Shipping: “U.S. manufacturers expect the new $1 trillion infrastructure bill to both stoke demand for construction equipment and help speed the supplies to markets” [Wall Street Journal]. “Investment firm Cowen writes that early transport beneficiaries will be flatbed-truck operators like Daseke that will carry the heavy loads for new projects.” • And flatbed (and chassis?) manufacturers, too, even if domestic?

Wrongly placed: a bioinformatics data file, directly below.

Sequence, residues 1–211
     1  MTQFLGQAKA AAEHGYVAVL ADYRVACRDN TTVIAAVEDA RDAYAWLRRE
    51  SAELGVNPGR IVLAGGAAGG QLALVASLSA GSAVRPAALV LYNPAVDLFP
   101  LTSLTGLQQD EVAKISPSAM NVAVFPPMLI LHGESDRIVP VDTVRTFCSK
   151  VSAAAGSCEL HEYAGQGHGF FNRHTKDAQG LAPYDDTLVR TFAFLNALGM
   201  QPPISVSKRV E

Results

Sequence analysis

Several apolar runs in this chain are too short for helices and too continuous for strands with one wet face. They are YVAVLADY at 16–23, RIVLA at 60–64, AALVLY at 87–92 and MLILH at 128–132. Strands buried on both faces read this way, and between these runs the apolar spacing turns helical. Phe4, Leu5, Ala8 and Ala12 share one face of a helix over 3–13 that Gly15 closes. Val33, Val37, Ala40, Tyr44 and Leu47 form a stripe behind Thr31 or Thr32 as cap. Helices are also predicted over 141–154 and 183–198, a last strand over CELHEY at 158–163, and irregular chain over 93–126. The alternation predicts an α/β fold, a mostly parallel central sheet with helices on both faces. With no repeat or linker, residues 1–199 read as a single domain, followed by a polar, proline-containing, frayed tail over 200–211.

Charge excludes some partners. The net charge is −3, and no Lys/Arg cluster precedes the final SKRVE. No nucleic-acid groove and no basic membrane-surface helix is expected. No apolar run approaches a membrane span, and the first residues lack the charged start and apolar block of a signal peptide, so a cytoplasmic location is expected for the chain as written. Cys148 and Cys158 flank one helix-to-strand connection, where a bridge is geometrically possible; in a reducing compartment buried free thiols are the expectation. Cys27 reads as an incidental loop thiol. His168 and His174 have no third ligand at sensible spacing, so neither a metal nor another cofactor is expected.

The Bezzle: “What the Hell Is ‘Right-Clicker Mentality’?” [Vice]. “The blockchain scene is full of crypto-heads spouting phrases like WAGMI (we are going to make it), cope, and GM (good morning). Sometimes a subculture will produce a new phrase or buzzword so beautiful it gets adopted by the wider culture. So it is with ‘right-clicker mentality.’… NFTs only hold value because everyone owning them and trading them agrees they hold value. To right-clickers, the blockchain ledger where their receipt resides is a comforting technological myth that NFT owners point to to legitimate their claims of ownership of a JPEG. It’s a kind of slacktivism, a way to address the problem without risking anything. Right-clicking a JPEG, saving it, and displaying it back to the NFT owner is a way to point out the Emperor has no clothes. Meanwhile, the NFT fans make millions off their naked Emperor. Round and round. The phrase ‘right-clicker mentality’ elevates this practical distinction to the realm of philosophy, though. To right-click is one thing, but to have a right-clicker mentality implies an ontological break between crypto-fans and critics. Indeed, it implies the person saving the JPEG to their hard drive isn’t just wrong, they’re broken in some way.”